The real ‘thickness’ of the Berlin Wall in the shots by Giovanni Chiaramonte

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“Ideology is against reality, it is a division of what cannot be divided. This means that it was the strength of history which broke down that barrier”

“The thickness of the Berlin Wall was fundamentally ideological. This shot is perhaps the only one portraying its conceptual abstractness”. This is how Giovanni Chiaramonte commented on the picture on the cover of the catalogue In Berlin, an exhibition created for the Triennale di Milano in 2009 and collecting some shots taken by the photographer from Varese and of Sicilian origins in the German capital before and after the fall of the Wall. Considered from a new perspective, the picture reveals its real breadth: “The fall of the wall occurred when it no longer had any reason to exist in the minds of Berliners. For them it had fallen even before it physically did. How would it have been possible to stop its collapse at that point? This means that it was the strength of history which broke down that barrier”.

ARCHITECTURE AS A MEANS OF UNDERSTANDING. Chiaramonte’s work in Berlin began in 1984. However, the approach that emerges from his sixty photos created for In Berlin does not focus on the differences between the city before and after its unification. Rather, through architecture, his shots become a contemplative look in the very heart of the city. “The first thing I wanted to show – he said – was the Greco-Roman foundation of Berlin. The nineteenth-century German nation built the city on the model of Rome, not Jerusalem”. Therefore, Chiaramonte interpreted the problem of anti-Semitism in his own way: “The Holocaust is not the fault of Hitler alone, but of a cultural process begun in Berlin a century before. Modernity itself derives from the mentality of Roman soldier, not of Latin compassion which then led to the Christian one”.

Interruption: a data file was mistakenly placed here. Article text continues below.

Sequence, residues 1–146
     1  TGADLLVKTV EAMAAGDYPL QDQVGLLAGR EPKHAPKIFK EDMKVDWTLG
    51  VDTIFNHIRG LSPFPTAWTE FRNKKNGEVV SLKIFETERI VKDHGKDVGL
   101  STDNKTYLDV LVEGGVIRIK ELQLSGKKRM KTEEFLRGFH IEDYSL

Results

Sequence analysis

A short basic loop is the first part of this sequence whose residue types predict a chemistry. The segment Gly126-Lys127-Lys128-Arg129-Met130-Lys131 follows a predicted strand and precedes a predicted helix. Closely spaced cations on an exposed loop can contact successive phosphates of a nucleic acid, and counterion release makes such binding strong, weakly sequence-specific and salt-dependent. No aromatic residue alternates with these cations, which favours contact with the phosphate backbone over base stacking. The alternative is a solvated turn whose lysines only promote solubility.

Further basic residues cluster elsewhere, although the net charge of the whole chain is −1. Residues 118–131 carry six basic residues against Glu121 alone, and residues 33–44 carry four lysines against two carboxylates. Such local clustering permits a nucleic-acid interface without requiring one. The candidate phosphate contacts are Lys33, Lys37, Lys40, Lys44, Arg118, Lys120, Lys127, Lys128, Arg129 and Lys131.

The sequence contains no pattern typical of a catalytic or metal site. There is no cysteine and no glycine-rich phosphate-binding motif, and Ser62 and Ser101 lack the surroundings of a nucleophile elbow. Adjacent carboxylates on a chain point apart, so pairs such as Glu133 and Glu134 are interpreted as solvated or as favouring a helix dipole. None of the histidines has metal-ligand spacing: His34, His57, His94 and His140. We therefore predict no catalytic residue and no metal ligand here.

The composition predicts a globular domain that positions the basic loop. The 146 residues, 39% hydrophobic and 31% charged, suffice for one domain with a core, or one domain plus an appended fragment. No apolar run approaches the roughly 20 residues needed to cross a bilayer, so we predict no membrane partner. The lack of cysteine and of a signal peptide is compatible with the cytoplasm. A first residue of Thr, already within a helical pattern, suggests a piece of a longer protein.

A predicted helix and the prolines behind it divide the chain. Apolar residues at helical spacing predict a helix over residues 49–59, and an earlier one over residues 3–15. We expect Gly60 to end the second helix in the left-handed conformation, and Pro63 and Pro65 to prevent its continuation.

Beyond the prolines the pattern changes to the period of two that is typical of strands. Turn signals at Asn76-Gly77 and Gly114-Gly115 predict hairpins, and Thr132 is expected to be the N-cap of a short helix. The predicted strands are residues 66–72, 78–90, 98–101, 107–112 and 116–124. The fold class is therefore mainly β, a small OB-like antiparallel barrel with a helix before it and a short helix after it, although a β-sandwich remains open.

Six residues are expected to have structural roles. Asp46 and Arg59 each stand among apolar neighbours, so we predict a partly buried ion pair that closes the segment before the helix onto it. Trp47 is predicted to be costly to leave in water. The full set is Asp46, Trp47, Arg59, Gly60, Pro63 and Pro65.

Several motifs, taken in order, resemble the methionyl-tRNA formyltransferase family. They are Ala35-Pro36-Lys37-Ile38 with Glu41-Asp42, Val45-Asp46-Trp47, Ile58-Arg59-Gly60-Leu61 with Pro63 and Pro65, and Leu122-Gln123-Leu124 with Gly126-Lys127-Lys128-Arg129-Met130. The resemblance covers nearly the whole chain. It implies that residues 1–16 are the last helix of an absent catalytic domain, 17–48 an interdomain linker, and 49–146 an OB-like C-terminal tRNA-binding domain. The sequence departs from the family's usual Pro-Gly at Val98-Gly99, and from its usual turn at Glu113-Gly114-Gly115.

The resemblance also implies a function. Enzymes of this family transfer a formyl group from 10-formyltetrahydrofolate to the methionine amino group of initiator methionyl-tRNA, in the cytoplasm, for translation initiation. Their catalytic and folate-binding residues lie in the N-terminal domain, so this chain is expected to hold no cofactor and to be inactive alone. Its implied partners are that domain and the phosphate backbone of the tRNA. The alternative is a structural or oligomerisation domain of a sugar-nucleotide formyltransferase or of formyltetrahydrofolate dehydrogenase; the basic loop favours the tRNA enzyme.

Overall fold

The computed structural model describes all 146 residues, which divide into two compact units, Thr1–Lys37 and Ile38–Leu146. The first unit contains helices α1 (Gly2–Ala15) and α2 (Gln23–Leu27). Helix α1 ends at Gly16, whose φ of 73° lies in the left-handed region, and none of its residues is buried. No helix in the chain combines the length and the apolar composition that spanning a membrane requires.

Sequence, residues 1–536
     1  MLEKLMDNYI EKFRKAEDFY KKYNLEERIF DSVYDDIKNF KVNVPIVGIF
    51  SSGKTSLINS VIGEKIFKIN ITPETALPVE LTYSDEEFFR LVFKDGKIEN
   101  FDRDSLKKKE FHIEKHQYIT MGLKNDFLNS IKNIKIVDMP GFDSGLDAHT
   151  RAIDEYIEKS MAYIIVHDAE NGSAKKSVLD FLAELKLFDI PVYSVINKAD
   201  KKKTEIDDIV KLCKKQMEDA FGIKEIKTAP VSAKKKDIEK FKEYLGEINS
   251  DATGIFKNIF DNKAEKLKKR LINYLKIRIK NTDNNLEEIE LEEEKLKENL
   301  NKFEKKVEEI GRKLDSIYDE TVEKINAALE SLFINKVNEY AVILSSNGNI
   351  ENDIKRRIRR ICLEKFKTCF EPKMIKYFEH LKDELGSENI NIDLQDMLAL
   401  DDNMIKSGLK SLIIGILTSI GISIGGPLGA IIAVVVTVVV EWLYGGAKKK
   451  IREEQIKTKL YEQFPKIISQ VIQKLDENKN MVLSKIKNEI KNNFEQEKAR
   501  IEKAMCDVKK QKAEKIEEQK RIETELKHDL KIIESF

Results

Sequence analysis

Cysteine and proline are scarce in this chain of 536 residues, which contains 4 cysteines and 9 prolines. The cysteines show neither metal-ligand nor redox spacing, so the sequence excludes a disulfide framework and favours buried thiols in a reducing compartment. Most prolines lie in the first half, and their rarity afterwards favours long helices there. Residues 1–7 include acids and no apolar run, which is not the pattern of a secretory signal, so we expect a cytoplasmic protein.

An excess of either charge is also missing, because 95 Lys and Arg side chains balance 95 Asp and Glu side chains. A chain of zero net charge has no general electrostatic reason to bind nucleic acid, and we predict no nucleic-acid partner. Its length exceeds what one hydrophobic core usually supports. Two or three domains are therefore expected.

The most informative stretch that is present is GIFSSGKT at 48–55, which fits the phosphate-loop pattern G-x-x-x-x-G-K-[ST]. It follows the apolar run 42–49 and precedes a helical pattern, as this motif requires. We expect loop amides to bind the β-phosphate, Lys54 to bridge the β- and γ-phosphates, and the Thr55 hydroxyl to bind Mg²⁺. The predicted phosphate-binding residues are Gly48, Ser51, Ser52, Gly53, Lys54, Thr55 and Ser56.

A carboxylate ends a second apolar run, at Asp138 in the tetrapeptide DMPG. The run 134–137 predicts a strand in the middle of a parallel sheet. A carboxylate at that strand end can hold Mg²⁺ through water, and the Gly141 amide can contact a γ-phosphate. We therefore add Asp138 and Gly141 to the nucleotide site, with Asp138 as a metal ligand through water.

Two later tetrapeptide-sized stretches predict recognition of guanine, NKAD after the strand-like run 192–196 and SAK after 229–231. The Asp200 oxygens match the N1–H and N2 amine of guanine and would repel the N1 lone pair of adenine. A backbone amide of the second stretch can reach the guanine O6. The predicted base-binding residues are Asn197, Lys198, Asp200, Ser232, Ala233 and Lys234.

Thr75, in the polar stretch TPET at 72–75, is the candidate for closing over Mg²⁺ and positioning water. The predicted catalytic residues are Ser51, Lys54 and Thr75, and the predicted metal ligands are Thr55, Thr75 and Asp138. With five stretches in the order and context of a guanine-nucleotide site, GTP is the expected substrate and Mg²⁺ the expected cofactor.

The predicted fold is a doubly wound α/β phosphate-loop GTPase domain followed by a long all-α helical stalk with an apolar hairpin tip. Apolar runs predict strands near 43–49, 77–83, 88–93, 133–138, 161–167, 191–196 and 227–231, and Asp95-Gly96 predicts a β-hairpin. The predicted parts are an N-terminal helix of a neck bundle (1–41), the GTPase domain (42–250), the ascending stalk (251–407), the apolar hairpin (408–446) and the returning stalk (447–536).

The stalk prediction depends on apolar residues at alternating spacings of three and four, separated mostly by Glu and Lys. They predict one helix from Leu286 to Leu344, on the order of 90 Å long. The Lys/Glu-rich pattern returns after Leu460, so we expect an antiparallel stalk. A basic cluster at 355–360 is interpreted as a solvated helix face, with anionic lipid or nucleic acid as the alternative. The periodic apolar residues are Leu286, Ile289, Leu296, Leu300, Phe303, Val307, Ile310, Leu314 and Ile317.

A PRESAGE OF REUNIFICATION. The strength of his work can be identified above all in its ability to foresee the German reunification. “Their idea of ​​beauty was a presage of what happened next: a national reconstruction”. Thirty years after the fall of the Wall, we should therefore ask ourselves what signals we are able to grasp from history and how the moments that have already become permanent (the same that so many shots have trapped forever) can help us understand the direction towards which our Western world is moving today.

Translated by Eva Luna Mascolino

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